Altesse Roussette de Bugey Montagnieu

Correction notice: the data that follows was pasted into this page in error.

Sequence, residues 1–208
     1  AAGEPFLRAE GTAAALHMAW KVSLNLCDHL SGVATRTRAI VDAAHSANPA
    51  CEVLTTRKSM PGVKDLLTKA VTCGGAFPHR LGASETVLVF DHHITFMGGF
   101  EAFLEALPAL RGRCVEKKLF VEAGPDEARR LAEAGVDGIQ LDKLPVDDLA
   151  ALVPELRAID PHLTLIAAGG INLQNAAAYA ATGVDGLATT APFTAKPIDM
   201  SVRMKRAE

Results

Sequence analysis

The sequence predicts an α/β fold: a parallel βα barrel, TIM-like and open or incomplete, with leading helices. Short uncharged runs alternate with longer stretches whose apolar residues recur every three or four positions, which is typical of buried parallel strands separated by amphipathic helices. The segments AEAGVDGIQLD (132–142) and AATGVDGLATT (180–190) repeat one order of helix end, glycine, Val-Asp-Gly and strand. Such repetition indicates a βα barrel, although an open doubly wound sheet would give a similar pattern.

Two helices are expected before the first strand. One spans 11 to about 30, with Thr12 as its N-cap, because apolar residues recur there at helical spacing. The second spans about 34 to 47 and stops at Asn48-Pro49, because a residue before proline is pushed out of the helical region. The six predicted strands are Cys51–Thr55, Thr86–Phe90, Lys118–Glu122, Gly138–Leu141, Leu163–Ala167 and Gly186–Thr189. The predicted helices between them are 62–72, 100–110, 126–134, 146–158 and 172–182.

100% Altesse. The village of Montagnieu lends its name to the best-known local cru, which features local white variety Altesse, known locally as Roussette and thought to be a relative of the Hungarian variety Furmint. Local parlance can get confusing: the appellation “Roussette de Bugey” can also contain Chardonnay, so Peillot adds “Altesse” on the label of his still white wine to emphasize its pure Altesse make-up. His vines are on Jurassic limestone and clay soils on hillsides at 300-500m altitude. They average about 30 years old, including one hectare of 60-year-old vines and some others up to 100 years old, and are hand harvested. Fermentation with natural yeasts (as with all of Peillot's wine) aging take place in steel and enamelled cement tanks; no wood is used at all for any of Peillot's wines at this point. Bottling of the Altesse generally takes place in March after the vintage. Franck feels that Altesse, naturally on the more neutral side aromatically but high in acidity, is a perfect and elegant vehicle for terroir expression—much more so than the ubiquitous Chardonnay—if and when its natural high ripeness and pulpy fleshiness are reined in.